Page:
The Portfolio of Internal and External Affairs records salary review comprised the government elections office, commissions secretariat, hazard management office, deputy governor’s office, governor’s office, emergency communications (911), the community rehabilitation department, and the legislative department.

Information provided by the portfolio did not specify which departments had received the pay hikes.

Portfolio Chief Officer Franz Manderson provided the following response regarding the raises: “A decision was taken to execute a plan to address this issue. In February 2010 the Portfolio of the Civil Service, at the request of the Portfolio of Internal and External Affairs, assessed a new job description that effectively merged the duties and responsibilities of what were previously two separate posts. The new post was assessed at a higher grade (N) which had a salary range of $35,640-47,904 per annum prior to 1 July 2010. It should be noted that all nine staff members referred to in the Freedom of Information response are now paid on the N scale.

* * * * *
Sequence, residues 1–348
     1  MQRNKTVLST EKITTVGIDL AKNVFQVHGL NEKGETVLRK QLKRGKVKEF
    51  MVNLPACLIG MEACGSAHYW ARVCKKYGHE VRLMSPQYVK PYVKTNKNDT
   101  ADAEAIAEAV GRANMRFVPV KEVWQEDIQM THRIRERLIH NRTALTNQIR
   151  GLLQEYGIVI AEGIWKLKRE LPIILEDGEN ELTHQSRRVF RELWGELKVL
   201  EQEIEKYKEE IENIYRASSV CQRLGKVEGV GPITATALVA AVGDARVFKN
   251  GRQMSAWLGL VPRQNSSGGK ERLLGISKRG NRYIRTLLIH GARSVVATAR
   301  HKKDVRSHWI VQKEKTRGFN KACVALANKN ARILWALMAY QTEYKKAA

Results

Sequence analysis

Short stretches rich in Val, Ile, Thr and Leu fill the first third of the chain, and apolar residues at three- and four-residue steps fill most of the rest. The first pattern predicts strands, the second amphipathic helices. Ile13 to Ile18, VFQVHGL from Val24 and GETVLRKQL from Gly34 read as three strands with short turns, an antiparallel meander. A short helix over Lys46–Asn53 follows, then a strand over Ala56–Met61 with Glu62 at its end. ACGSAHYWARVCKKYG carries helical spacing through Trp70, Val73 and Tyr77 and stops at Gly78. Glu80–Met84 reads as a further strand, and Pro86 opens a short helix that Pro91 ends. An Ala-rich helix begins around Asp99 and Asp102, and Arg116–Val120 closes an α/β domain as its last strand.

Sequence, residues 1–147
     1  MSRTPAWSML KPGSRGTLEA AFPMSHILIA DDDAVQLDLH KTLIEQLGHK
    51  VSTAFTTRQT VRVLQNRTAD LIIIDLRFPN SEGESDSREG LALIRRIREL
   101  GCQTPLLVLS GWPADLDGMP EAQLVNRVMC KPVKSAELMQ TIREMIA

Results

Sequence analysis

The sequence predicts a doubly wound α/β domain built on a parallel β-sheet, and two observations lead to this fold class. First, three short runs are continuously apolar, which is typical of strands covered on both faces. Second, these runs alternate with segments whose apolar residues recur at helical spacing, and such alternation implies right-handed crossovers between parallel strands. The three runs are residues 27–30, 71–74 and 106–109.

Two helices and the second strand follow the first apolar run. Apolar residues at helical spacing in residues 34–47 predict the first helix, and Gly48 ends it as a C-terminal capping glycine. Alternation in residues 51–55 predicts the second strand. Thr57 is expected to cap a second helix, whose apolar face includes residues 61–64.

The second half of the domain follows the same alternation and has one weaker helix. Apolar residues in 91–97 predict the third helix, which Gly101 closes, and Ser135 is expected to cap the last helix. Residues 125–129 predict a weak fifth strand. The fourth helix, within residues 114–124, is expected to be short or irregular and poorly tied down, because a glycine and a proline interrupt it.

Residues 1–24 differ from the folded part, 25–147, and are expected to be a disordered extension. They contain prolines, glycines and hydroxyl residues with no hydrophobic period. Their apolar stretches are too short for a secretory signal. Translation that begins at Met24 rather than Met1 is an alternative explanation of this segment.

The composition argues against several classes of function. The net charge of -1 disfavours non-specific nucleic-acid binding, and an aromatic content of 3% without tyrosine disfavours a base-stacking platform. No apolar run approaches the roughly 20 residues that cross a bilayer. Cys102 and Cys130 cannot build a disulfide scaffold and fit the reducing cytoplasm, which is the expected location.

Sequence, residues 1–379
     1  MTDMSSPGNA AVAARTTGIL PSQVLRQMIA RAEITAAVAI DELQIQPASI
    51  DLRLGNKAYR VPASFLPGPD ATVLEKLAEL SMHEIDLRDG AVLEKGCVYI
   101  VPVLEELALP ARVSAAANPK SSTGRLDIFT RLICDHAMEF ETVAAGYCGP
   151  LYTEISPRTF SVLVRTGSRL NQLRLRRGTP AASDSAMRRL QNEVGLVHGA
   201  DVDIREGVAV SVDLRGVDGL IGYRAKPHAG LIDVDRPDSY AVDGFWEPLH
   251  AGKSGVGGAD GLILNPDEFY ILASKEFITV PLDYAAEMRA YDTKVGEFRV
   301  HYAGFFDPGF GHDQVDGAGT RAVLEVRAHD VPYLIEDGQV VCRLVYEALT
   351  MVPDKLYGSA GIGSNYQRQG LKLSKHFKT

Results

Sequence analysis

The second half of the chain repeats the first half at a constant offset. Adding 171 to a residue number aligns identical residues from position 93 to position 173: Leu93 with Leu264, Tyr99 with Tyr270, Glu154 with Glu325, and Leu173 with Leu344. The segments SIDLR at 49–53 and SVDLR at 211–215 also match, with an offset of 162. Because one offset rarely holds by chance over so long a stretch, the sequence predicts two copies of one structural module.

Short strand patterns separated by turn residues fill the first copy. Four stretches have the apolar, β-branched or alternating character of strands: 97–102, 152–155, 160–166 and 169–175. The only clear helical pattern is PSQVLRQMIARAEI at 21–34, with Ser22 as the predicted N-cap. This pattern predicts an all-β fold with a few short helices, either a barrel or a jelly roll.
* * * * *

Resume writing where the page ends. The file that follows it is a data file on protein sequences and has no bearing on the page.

“Shortly after the regrading exercise two young Caymanian trainees successfully completed their training and were accordingly promoted to this new post on the N scale. This promotion translated into their salary moving from $2,434 per month to $2,970 per month, an 18 per cent adjustment in salary. Following the 3.2 per cent salary cuts in July 2010 this was decreased to 15 per cent.

“Additionally, seven officers also received adjustments in salary between 2 per cent-12 per cent as a result of the re-grading exercise, at a total cost of $25K in basic salary per annum. To offset this cost, two full-time positions which were graded at a higher level were given up, which resulted in a cost savings of $90k in basic salary per annum.

Portfolio of the Civil Service

Seven pay raises were given in March and the Increases ranged between 2.5 per cent and 10.4 per cent, prior to the 3.2 per cent pay reduction taking effect.

Portfolio Deputy Chief Officer Ian Fenton said six of the employees who received pay raises had been assigned new jobs, and six had undertaken additional education to warrant the hikes.